The Myth of Rapid GUI-based Development

I got my hands on a session pass at Java One's "community one" event, and decided to attend two session for which I am a newbie: JRuby and Matisse - both of which were under the "Netbeans Track".

 Both of the sessions were essentially a demo, which consisted of someone very well versed with both the technology and Netbeans quickly clicking and typing to produce some interesting application in an unreasonably short amount of time. Wow! What really gave me goose bumps was when the audience applauded the results. Not goose bumps because I was impressed, but the kind of goose bumps you get when you are embarrassed for someone else.

For any GUI-based development, whether it's portlets, EJBs, SWT applications, or whatever, there will come a point very quickly when you need to do more than the "hello world" component. At that point, you will need to have an intimate knowledge of the underlying technology. Now, the problems is that the GUI lets you get from 0 to 5 without any real knowledge. To do anything more, you need to go back and learn what the GUI did to get you from 0 to 5, which is more difficult than just going from 0 to 5 the "hard" way, by actually learning.

 Rapid GUI-based development tools make good demos. They impress product managers and sales folks. They even sell products. But they are not solutions for real developers.


Comments:

Hi Jeffrey, interesting observation. Are you aware of the fact that there are companies who use the NetBeans GUI builder for quite complex applications? Should we now go and tell these companies that they don't employ "real developers"? :)

This year I was at the NetBeans booth at Java One and I heard the success stories from developers using Matisse. Many came to our booth to thank us for this tool. Do you suggest that these developers are not real?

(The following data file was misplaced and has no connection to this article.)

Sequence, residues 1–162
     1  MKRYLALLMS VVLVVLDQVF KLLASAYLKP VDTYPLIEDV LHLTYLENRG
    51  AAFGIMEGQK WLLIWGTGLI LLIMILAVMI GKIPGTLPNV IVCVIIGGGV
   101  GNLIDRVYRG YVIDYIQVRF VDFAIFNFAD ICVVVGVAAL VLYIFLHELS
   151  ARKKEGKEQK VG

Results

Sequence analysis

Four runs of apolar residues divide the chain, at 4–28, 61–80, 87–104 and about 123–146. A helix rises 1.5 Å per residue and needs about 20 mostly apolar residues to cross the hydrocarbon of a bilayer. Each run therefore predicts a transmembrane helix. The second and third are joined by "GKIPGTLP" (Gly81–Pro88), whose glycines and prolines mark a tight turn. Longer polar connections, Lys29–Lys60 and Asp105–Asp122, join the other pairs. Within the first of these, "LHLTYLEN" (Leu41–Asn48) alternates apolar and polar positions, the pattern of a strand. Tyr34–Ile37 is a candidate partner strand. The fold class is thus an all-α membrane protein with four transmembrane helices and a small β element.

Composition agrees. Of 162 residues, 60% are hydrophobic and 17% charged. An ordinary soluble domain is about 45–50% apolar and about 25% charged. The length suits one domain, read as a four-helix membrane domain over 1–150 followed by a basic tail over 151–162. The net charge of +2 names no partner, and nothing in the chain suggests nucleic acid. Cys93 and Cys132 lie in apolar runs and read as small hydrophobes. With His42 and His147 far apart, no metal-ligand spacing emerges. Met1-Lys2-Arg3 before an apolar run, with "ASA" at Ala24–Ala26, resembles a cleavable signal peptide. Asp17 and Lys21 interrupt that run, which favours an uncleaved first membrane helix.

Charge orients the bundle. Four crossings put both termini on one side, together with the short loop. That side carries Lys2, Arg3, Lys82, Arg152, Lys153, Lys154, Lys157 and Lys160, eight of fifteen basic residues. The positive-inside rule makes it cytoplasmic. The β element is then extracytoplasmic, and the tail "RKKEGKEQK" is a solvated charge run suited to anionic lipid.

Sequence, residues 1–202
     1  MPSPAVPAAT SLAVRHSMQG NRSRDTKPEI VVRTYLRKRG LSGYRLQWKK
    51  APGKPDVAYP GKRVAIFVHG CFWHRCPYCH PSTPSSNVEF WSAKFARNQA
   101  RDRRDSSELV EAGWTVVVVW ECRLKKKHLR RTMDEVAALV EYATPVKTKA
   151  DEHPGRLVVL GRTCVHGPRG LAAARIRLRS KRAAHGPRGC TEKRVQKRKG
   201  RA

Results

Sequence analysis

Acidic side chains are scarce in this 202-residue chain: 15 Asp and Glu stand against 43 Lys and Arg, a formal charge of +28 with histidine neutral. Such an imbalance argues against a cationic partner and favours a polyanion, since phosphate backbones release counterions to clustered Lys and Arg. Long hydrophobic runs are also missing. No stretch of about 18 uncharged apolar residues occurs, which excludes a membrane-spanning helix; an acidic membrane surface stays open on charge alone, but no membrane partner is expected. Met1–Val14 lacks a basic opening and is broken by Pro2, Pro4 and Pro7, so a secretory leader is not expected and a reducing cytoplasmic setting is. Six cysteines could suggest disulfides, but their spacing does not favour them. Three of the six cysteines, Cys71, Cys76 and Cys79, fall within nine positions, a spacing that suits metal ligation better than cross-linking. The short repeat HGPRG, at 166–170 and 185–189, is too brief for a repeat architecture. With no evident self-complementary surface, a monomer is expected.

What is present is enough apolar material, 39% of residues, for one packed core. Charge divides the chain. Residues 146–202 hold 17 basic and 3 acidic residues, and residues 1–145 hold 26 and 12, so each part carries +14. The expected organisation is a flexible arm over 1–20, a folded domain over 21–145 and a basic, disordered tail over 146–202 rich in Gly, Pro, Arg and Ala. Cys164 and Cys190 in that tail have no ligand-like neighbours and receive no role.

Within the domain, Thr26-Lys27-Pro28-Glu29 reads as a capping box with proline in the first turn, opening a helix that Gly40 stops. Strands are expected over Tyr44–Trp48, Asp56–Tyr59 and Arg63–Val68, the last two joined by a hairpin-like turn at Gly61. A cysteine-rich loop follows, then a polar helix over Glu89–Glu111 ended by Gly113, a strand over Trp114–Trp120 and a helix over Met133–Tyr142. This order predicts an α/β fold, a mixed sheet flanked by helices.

Also, how do you explain that the GUI builder won an audience prize at JAX in Germany? The attendees were real developers who decided to give the biggest number of votes to Matisse.

The power of tools like Matisse is that it lets you design the UI quickly and then you can go on and write code behind it. Too many people have struggled in the past with layout managers such as Gridbag.

For some people writing all GUI code by hand is a better solution. That's ok. But saying that GUI tools are not for real developers is not ok. Because there are many real developers using the tool.

Posted by Roman Strobl on June 05, 2007 at 09:51 PM PDT #

Jeffrey, you can write perfect UI-code only by hand. But writing manually UI-stuff is not always exciting and it becomes boring. This leads in turn to "copy and paste" strategy, which is no more perfect... In real world we have to be efficient and build maintainable solutions. This can be achieved best separating generated from manually written code. If you use tools like Matisse or Visual WebPack wisely, you can save a bunch of time and money. If you do not know what you are doing - you have to throw away your application after some iterations and start a new project from scratch - perhaps with vi or emacs then... :-)

Posted by Adam Bien on June 05, 2007 at 11:53 PM PDT #

The select items have object values. http://www.watchgy.com/ All is good. When I submit the form, I see "Validation Error: Value is not valid". My first reaction was that I didn't have any validation on the page, so how could a value be not valid? http://www.watchgy.com/tag-heuer-c-24.html
http://www.watchgy.com/rolex-submariner-c-8.html

Posted by replica rolex on December 28, 2009 at 11:59 PM PST #

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